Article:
Hachikō was a dog that is fondly remembered for his incredible loyalty to his owner and guardian Hidesaburō Ueno, which he continued to wait for at the Shibuya Station for nearly a decade after Ueno’s sudden death. His story reached worldwide acclaim after the movie “Hachi: A Dog’s Tale” was released in 2009 which was an adaptation of the 1987 Japanese film “Hachikō Monogatari”. Both films portray the life and story of Hachikō. So, what kind of dog is Hachiko In Hachi A Dog’s Tale?
Hachikō is a pure bread Akita Inu. At the time of its life, one of Ueno’s former students named Hirokichi Saito published a document that shows the census of Akitas in Japan. He was able to find out that through his research, there were only 30 purebred Akitas remaining in Japan during that time and Hachikō was among them.
The dog breed originated in Japan, in the city of Ōdate in the Akita Prefecture. Initially trained to hunt animals. The breed then transitioned to dogfighting during the 1600s. It is said that the Akita served as a samurais companion from the 1500s to the 1800s. The Akita were prominent in the Russo-Japanese war where they were used to track Prisoners of wars.
As a breed derived from the spitz, their appearance reflects their adaptation to cold weather environments with their thick double coats. They can grow to a height of 58 to 69 cm (23 to 27 inches) and weigh around 25 to 42 kg (55 to 92 lbs). They can come in many colors such as ginger, white, brindle, or red.
Akitas are considered territorial when it comes to their property and can be quite reserved with strangers. They are also known to be aggressive to other dogs especially those of the same gender. They are strong and dominant dogs though it is said that they have an affinity for children.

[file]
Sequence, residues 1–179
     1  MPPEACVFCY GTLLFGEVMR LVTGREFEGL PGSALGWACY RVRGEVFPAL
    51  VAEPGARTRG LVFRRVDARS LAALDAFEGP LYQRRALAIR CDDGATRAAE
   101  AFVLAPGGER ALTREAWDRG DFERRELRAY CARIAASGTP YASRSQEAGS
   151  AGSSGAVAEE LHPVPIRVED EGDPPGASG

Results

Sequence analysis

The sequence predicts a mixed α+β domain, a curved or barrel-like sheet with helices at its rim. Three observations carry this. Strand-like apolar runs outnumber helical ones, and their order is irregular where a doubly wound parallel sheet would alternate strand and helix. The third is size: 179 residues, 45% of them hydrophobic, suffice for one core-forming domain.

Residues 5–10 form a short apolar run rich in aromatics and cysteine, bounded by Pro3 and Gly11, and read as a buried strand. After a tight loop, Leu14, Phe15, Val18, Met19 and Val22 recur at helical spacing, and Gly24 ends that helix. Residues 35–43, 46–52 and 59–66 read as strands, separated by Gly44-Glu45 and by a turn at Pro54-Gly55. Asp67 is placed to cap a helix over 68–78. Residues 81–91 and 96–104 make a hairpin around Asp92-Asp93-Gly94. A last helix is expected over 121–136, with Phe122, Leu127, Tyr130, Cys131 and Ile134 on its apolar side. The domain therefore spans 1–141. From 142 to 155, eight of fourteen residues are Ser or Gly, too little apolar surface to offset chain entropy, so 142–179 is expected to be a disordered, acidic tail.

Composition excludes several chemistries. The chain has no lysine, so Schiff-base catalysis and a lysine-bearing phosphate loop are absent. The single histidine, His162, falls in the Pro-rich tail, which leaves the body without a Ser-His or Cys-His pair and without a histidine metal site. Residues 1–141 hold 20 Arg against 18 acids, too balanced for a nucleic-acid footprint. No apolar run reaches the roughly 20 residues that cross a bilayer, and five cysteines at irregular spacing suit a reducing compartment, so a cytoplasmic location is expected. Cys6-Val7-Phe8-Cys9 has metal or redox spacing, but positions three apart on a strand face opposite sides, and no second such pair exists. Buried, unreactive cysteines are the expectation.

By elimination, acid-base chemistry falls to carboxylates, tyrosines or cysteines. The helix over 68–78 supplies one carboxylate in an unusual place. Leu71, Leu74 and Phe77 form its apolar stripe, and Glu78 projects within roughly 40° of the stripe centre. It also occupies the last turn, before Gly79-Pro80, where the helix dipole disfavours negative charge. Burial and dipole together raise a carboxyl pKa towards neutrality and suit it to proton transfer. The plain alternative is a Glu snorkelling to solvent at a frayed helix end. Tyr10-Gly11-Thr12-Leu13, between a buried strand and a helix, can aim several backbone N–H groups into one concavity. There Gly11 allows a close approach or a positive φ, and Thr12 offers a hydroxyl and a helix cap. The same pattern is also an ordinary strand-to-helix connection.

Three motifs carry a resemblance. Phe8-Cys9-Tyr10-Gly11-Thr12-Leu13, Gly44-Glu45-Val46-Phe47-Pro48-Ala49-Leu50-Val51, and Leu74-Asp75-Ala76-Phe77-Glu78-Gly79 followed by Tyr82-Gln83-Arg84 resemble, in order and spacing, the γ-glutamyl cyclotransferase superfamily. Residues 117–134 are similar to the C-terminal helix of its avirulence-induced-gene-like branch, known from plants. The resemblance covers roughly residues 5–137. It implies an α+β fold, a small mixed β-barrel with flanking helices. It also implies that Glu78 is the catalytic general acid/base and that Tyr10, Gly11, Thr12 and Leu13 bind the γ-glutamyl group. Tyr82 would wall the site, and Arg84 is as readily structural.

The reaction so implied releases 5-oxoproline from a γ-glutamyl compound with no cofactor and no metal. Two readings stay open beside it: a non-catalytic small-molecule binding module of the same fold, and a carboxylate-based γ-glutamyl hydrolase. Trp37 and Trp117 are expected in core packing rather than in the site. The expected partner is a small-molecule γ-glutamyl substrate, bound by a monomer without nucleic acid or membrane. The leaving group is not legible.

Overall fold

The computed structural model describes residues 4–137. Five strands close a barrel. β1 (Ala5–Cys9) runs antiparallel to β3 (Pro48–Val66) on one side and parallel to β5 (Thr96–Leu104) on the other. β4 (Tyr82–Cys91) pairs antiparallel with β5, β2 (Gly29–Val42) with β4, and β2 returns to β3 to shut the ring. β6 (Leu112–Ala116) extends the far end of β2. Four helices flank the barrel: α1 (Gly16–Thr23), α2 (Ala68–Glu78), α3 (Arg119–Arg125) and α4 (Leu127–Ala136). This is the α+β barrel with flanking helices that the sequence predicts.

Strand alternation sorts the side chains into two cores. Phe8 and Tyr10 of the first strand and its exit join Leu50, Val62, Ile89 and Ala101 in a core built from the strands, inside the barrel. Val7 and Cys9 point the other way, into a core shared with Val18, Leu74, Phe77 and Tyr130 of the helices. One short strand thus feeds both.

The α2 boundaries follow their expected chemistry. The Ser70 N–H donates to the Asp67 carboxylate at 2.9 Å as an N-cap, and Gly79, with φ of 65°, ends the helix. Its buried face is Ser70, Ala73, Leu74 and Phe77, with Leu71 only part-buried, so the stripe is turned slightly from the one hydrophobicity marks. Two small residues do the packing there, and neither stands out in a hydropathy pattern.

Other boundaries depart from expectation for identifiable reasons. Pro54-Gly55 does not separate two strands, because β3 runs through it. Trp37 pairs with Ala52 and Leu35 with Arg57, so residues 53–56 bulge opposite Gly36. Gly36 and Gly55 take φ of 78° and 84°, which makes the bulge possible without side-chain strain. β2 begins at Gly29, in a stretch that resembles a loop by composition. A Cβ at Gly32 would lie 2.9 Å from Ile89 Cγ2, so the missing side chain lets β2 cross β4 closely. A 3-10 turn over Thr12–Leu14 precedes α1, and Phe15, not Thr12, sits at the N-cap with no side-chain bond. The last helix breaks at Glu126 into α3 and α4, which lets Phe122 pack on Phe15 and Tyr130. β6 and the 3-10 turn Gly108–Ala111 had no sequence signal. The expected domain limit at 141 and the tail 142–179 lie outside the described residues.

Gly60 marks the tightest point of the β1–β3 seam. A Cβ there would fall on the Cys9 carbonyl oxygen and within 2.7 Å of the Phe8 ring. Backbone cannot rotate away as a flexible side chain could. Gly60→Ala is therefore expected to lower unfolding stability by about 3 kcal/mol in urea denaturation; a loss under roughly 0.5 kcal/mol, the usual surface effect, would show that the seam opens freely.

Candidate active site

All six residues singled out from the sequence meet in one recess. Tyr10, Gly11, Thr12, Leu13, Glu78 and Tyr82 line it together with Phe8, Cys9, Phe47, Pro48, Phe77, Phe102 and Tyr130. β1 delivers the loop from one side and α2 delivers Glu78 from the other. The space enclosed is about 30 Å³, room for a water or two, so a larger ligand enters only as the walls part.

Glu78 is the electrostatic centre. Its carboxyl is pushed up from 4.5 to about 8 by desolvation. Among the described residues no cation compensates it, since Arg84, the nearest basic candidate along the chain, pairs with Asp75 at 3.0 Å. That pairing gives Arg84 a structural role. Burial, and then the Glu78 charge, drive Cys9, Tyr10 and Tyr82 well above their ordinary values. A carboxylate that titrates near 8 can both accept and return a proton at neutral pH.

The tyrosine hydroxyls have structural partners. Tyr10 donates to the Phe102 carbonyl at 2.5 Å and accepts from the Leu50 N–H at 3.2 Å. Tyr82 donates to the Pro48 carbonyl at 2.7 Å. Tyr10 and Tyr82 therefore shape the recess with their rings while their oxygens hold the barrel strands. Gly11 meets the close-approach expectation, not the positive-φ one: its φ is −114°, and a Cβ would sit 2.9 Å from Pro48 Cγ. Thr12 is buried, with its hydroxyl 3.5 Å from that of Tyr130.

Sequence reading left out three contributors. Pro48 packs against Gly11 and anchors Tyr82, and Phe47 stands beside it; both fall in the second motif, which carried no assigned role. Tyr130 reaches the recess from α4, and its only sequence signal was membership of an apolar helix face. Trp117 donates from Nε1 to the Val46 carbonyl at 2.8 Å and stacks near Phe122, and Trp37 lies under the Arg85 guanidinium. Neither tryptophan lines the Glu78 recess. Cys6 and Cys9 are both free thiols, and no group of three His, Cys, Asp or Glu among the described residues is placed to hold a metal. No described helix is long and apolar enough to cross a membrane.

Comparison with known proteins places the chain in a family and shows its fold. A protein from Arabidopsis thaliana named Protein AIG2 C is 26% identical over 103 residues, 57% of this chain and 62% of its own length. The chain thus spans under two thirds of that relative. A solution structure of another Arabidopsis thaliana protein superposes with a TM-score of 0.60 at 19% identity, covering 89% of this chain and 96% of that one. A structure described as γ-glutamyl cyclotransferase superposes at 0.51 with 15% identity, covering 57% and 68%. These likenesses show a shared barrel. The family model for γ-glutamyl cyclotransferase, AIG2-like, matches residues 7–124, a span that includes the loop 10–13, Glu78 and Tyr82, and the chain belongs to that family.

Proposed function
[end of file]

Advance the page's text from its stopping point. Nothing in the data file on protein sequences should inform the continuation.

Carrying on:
Hachikō was a white Akita born at a farm in Ōdate in the Akita Prefecture on November 10, 1923. He was taken in by Hidesaburō Ueno who was a professor at the Tokyo Imperial University in 1924 who eventually brought him back to Shibuya, Tokyo. Ueno would commute to work daily at the Shibuya Station where Hachikō would greet him at the end of each working day. Unfortunately, Ueno suddenly passed away from a cerebral hemorrhage during a lecture without ever returning to the station. Hachikō would then visit the station to loyally await his owner’s return. He started getting attention from the workers and the commuters at the Station and though they were initially not fond of him, an article about him in Asahi Shimbun caused them to start bringing food for the dog. Thus began Hachikō’s nearly decade-long wait until his eventual death in 1935.
Hachikō is a symbol of true loyalty and faithfulness and though his breed may be more infamous for its ferocity, its affection for its family members as shown by Hachikō cannot be overlooked.